The Arctic Rediscovery Project: crowd-sourcing new science from intractable data

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Tuesday, 4 February 2014: 9:30 AM
Room C105 (The Georgia World Congress Center )
Kevin R. Wood, JISAO/Univ. of Washington, Seattle, WA; and M. Mollan, P. Brohan, and N. N. Soreide

The Arctic is changing fast. Nearly every year now there are new records set ever lower sea ice cover, warm air and ocean temperatures, familiar ecosystems altered. But with our perspective constrained by limited data, can we fully appreciate the scale and context of these changes? The mission of the Arctic Rediscovery Project is to find more and better information about the Arctic environment of days gone by and re-purpose it for modern research needs. Old information tends to be intractable: for example, in hard-to-decipher handwriting in a ship's logbook or other one-of-a-kind manuscript that is difficult to access. As these data are converted and made universally available we can gain new perspective on long-term variations in sea ice and other environmental features of the Arctic. And unexpected uses continue to emerge, from developing long-term records of space weather, to uncovering the hidden chronology of volcanic eruptions in the Aleutian Islands.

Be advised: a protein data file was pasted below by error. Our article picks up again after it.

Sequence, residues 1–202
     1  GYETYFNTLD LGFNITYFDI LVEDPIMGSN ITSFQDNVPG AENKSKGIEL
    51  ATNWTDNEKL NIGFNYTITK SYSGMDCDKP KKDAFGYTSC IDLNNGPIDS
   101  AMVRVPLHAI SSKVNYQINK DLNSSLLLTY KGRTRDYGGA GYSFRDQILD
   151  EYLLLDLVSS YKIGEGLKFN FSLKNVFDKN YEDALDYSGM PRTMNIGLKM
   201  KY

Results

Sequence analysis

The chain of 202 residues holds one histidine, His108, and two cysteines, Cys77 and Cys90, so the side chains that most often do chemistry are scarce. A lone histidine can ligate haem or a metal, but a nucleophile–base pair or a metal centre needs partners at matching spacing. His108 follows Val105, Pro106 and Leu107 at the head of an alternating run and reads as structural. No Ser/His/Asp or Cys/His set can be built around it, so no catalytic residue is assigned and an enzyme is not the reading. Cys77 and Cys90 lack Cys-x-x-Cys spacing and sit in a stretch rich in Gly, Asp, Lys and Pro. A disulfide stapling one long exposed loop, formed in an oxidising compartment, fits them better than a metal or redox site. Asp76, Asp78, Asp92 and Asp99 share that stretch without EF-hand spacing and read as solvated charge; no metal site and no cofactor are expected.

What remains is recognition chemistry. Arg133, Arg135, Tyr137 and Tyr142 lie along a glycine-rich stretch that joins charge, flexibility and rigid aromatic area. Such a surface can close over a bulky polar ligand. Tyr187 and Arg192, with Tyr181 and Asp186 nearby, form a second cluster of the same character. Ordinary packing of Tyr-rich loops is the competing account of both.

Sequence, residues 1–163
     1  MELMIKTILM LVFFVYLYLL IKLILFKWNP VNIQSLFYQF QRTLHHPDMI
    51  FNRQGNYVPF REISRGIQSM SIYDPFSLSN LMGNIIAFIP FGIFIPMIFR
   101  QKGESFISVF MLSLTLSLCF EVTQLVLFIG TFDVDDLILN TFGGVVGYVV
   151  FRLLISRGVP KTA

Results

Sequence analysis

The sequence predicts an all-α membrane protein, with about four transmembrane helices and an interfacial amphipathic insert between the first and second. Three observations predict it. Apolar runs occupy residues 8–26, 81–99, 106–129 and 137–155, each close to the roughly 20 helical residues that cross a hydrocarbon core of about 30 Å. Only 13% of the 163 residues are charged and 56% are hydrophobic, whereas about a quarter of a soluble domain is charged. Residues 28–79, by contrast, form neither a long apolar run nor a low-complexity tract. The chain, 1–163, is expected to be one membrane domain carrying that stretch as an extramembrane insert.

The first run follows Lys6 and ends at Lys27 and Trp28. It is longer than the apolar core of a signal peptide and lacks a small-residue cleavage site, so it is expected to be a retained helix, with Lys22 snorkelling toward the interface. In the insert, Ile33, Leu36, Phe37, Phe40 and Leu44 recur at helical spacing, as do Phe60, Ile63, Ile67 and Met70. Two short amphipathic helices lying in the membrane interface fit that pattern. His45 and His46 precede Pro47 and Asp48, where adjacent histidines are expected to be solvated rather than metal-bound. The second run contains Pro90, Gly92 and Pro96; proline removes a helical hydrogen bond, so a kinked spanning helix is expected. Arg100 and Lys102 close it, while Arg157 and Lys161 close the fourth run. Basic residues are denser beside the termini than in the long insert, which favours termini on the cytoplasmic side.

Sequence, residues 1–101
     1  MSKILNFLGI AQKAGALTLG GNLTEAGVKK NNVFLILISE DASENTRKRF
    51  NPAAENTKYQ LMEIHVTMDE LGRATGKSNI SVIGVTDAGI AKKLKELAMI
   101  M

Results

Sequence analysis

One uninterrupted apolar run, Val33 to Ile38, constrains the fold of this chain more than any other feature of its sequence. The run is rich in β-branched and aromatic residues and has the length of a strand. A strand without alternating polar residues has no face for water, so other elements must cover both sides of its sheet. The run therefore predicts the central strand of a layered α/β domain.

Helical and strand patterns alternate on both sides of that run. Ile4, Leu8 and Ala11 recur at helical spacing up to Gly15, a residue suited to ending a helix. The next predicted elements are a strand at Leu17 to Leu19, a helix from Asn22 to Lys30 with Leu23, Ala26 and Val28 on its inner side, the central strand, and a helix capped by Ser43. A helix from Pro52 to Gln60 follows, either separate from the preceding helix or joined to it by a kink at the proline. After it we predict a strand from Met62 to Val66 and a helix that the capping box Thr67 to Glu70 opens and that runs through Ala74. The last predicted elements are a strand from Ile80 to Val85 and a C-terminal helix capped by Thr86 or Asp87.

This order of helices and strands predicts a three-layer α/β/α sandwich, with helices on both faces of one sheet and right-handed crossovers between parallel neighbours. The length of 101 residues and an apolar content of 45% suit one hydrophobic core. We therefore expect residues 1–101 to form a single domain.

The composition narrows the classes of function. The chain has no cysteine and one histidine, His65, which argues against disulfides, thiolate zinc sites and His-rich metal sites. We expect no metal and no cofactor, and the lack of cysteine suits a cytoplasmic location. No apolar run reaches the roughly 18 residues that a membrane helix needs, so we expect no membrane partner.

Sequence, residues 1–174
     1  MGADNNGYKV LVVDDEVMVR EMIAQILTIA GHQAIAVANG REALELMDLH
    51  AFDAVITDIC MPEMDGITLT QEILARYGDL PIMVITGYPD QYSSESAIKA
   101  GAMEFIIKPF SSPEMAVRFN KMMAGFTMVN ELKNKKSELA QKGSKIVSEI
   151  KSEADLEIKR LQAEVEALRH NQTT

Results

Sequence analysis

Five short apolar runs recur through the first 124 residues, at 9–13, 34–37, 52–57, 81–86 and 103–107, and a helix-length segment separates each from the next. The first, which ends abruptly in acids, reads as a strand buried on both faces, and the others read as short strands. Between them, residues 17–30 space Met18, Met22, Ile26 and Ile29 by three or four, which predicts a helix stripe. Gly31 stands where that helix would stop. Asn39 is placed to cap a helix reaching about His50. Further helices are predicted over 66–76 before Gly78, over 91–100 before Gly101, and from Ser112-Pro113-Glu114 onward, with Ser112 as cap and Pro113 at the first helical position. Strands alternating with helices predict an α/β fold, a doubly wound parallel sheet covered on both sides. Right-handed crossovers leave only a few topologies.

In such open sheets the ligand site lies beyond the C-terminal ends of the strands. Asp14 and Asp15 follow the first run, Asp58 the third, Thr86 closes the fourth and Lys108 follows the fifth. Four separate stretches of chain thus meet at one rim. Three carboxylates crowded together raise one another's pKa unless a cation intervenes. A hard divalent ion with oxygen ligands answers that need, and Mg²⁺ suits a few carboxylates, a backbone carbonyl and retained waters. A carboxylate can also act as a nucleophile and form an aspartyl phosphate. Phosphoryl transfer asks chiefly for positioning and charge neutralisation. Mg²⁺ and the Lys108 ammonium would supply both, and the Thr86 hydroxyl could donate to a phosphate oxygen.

See http://www.pmel.noaa.gov/arctic/rediscover/. Acknowledgments: Support for the Arctic Rediscovery Project is provided by North Pacific Research Board (NPRB). Many partners and collaborators have made indispensable contributions to the project.